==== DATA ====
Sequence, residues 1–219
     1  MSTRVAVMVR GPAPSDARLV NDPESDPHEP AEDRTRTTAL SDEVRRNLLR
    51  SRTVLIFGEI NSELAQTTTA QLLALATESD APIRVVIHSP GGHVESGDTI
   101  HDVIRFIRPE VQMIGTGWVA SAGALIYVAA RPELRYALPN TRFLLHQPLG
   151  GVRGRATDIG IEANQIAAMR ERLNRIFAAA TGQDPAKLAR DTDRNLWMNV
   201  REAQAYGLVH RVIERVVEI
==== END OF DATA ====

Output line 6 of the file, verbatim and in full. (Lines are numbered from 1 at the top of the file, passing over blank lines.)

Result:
   201  REAQAYGLVH RVIERVVEI